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Finding a Floor

Market Reports - Nonferrous

RTGE Staff January 18, 2013

The European economy does not look very pretty at the present. High debt has saddled much of Western Europe, contributing to a fairly dim outlook for 2013. The continuing fiscal problems, especially throughout southern Europe, are creating a sizable drag much of the Western European economy. Therefore, demand for nonferrous metals from most regions on the continent is expected to be somewhat muted through the first half of 2013 at least, though pricing may be finding the floor.

While the short-term economic outlook continues to be murky, looking out further, bright spots are visible for some nonferrous metals. Copper and aluminium scrap markets have seen positive developments, though stainless steel continues to be one of the more challenging nonferrous metals.

While copper and aluminium may hold promise, most analysts say they expect to see continued price volatility.

Copper scrap concluded 2012 on a somewhat positive note. After slumping during the middle half of the year, interest in copper scrap, especially from buyers for Chinese consumers, increased at the end of 2012. These buyers were interested in adding to their inventories, which has contributed to firming the movement and price of copper scrap throughout Western Europe.

Expectations that China’s incoming government may kick off significant infrastructure investment projects is giving copper scrap generators hope that stronger orders from China will follow.

While China remains the linchpin for the improvements in the copper scrap market, European buyers continue to be faced with sluggish demand from their domestic consuming customers.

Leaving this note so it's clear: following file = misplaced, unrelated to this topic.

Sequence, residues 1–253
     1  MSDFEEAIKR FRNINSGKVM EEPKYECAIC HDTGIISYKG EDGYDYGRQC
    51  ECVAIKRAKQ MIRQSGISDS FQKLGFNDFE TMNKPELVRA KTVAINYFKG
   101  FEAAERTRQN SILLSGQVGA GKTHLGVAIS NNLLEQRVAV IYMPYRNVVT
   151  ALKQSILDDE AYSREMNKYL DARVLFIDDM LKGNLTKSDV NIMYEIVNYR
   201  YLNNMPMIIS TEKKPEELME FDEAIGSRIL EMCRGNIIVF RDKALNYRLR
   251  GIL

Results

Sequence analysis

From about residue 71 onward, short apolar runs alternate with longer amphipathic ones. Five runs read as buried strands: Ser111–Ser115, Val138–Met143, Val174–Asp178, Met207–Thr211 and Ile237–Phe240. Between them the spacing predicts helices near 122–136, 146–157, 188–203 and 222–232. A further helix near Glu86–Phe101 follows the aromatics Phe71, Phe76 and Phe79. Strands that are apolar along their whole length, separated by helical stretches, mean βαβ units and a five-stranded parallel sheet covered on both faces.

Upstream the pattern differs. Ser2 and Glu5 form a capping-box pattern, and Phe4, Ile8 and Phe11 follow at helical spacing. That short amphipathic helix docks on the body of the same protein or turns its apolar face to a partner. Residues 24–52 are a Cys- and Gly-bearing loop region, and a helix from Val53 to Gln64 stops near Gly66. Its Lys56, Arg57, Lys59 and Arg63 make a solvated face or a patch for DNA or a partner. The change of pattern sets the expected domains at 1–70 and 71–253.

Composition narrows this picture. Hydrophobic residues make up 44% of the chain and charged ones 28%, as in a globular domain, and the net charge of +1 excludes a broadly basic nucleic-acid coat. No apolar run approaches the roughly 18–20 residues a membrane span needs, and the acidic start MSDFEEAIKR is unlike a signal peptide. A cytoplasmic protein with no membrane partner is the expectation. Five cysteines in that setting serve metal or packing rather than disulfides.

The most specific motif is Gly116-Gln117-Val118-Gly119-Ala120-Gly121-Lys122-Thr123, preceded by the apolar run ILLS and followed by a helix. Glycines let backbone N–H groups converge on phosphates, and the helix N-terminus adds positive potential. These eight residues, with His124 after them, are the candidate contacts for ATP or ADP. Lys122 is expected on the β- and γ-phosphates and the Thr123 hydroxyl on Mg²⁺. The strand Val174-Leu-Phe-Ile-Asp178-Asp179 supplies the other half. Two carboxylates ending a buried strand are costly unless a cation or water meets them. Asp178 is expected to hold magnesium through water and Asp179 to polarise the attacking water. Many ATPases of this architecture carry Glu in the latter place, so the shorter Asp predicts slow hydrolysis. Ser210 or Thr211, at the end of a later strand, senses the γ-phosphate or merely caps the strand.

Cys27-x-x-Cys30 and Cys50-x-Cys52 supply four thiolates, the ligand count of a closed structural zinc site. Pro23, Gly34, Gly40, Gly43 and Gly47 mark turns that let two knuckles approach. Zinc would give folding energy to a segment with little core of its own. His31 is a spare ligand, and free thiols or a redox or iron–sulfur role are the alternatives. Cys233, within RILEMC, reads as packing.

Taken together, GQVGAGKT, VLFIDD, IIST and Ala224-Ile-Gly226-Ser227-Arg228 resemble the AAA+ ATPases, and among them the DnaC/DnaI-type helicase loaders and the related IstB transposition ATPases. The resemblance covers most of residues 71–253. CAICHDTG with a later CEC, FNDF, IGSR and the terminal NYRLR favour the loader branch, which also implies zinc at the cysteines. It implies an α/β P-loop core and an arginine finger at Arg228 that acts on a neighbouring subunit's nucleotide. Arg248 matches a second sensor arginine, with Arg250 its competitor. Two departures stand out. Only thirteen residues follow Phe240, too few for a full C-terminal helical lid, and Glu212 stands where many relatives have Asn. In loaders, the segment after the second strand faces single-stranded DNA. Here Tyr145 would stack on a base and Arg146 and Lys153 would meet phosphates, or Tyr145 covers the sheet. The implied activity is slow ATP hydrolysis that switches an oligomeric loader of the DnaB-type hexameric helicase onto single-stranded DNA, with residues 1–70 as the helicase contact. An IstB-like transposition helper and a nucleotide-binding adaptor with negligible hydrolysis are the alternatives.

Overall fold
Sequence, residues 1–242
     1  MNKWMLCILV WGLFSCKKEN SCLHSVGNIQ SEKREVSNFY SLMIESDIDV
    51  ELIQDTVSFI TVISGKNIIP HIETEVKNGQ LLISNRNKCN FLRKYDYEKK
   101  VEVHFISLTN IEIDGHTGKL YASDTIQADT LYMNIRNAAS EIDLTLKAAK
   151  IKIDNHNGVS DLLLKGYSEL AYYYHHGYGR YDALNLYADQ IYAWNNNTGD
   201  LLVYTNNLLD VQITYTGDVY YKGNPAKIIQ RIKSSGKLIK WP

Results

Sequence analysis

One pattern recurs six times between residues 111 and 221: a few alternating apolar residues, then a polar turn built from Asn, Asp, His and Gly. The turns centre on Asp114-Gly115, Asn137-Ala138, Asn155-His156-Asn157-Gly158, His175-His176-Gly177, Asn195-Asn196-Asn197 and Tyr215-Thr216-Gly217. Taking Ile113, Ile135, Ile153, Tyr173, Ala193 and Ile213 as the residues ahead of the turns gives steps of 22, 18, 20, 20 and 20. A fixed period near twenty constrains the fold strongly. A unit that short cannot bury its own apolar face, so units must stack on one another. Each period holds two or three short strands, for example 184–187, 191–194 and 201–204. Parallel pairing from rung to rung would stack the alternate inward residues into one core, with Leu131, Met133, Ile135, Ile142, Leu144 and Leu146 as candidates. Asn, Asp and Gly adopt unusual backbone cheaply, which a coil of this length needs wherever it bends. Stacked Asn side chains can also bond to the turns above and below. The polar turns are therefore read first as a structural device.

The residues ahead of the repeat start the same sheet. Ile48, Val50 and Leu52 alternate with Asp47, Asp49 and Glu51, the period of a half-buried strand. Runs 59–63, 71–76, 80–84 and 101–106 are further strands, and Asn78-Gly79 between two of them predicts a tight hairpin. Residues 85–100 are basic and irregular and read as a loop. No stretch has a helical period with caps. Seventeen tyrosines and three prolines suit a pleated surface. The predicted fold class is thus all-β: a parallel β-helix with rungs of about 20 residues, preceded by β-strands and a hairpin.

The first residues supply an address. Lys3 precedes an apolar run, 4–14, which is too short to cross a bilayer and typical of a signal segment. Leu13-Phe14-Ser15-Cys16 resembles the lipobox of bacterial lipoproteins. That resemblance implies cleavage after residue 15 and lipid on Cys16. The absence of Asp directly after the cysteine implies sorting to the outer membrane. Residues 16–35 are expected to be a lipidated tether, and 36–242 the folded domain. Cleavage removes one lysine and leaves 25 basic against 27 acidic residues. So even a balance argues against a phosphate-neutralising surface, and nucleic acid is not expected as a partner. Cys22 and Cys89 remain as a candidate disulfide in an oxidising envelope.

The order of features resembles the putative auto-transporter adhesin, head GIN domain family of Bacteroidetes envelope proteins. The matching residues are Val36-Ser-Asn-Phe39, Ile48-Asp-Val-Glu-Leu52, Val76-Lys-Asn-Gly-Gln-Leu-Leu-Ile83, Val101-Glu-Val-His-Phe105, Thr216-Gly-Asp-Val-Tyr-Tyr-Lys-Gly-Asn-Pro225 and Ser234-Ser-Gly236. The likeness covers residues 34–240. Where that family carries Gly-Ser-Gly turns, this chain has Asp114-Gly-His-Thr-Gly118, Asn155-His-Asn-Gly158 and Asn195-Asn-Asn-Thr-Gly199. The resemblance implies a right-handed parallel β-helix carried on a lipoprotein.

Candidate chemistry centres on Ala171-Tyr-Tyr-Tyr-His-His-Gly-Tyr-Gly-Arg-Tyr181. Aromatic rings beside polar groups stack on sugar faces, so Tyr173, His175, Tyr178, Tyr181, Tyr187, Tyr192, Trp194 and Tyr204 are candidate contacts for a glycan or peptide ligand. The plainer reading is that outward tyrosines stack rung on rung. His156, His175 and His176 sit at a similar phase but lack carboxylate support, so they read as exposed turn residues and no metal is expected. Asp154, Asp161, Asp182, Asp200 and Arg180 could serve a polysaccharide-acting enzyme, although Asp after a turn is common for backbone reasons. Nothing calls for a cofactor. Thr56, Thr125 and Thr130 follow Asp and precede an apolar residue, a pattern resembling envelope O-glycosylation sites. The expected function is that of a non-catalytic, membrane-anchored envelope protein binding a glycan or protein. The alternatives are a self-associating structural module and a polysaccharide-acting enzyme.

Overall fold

Reflecting the moderately upbeat copper news, the German copper producer and copper scrap recycler Aurubis reports an increase in sales for 2012 and expresses a more bullish outlook for 2013. According to a statement released by the company in late 2012, “The Aurubis Group held its ground in a difficult environment that was largely influenced by economic uncertainties and generated a very satisfactory result. The good result was supported first and foremost by higher concentrate treatment charges and higher throughputs of recycling materials in operating business.”

Regarding copper scrap, the company notes that its availability has improved through 2012, which has led to higher utilization rates for the group’s recycling capacities.
 


Aurubis adds that its Kayser Recycling System (KRS) facility in Lünen, Germany, which can process scrap material with low copper and precious metals content and complex materials such as electronic scrap, increased its throughput by 5% compared with 2011’s figures. The company attributes this growth to its commissioning of the new “KRS-Plus” system in summer 2011.

In general, Aurubis notes that the copper scrap market was good during its 2011/2012 fiscal year. “The exchange prices for copper supported the good supply during almost the whole period. Only at the beginning of 2012 did lower prices temporarily reduce the copper scrap supply,” Aurubis states.